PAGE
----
By Oscar Aparicioescape-from-tomorrow-poster

Let me preface this by saying two things:
1) this dude is NOT a DISDad, and
2) he’s having a REALLY bad day.
I suppose that he could be a DISDad, but he broke many MANLAWS along the way. For example, an entire day in the parks and not one Dole Whip? Although, to his credit, he did enjoy a turkey leg.

At first, I’ll admit I was getting a little bored with it. The only exceptions were a few inside ‘Dad’ jokes, like the main character beginning to unravel during a ride on It’s A Small World, and barfing over the side of the Grand Fiesta Tour. Also, the splicing between Walt Disney World and DisneyLand was a little annoying so you might want to try and check your expertise at the door.

Basically, the movie tells the tale of Jim, whom we meet on the balcony of the Contemporary Resort on the morning of his last day at Walt Disney World. He’s on the phone, getting fired. So begins a really bad day. For some reason, Jim decides to spend the day stalking two young French girls. Which begs the question – has he always been a perv or did the firing bring that out in him? And what does one have to do with the other? He and his young son then follow them around Magic Kingdom, using some sort of molecular transporter between Florida and California, and make a number of bad decisions throughout.

Once you think you’ve had the entire film figured out and are ready to give up on the plot entirely and classify as a “losing his mind / pervert / obsession” kind of story, in comes the left hook. This is where things start to get really weird and intense. I won’t say more as to not spoil it for you, but rest assured in knowing that it’s definitely unique. The trailers did not lie. Although it does suffer from what I call the “Blair Witch Syndrome” (or as Aaron so eloguently put it, the Blair ‘Stitch’ Syndrom), in which the hype and idea of the movie is much cooler than the movie itself.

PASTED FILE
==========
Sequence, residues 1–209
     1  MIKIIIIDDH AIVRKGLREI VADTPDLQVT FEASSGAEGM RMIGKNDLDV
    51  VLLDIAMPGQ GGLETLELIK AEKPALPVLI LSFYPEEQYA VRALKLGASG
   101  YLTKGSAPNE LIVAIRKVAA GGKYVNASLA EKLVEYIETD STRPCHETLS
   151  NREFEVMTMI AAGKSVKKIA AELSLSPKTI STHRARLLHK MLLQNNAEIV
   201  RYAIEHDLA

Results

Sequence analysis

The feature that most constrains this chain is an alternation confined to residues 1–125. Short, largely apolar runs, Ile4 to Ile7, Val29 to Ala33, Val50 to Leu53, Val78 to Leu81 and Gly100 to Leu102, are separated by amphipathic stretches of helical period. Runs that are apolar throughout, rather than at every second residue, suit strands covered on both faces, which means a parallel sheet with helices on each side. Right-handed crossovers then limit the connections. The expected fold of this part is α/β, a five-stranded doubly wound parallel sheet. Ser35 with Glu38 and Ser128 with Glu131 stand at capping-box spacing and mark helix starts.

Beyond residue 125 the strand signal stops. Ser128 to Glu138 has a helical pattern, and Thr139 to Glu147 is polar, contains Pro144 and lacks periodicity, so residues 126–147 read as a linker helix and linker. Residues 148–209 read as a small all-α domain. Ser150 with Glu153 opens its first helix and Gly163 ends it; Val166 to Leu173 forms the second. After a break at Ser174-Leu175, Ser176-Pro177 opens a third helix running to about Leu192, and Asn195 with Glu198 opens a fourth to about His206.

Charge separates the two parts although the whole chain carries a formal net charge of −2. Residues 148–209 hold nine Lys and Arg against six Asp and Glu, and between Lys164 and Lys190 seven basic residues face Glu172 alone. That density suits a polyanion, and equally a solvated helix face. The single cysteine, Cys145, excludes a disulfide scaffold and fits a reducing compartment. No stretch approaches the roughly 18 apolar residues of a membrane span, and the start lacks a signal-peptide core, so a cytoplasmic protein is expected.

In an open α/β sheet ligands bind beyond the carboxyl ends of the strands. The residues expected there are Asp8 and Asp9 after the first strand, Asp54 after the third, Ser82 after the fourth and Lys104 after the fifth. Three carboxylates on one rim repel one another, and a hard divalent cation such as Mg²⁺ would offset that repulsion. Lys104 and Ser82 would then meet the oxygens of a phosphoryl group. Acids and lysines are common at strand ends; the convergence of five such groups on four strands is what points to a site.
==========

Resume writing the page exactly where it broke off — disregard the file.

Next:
I will warn you, this is not something you’ll want to watch with the younger kiddos. The entire first half of the film deals with sexual obsession and borderline pedophilia. There is some course language, nudity and sexuality (keep your ears open for the ‘Hidden Mickey’).

The truth is, if this movie was shot in a traditional manner, in some fictitious park, it wouldn’t have nearly as much appeal as it does having been shot guerilla style in Disney theme parks. It is a bit confusing and a little pretentious at times, often giving you the sense of a cut-rate David Lynch. In the end, you’re going to watch it, and at the very least, you’re going to enjoy the scenery. You will come up with some inside jokes along the way to entertain yourself and you will balk at the obvious jumps between parks.

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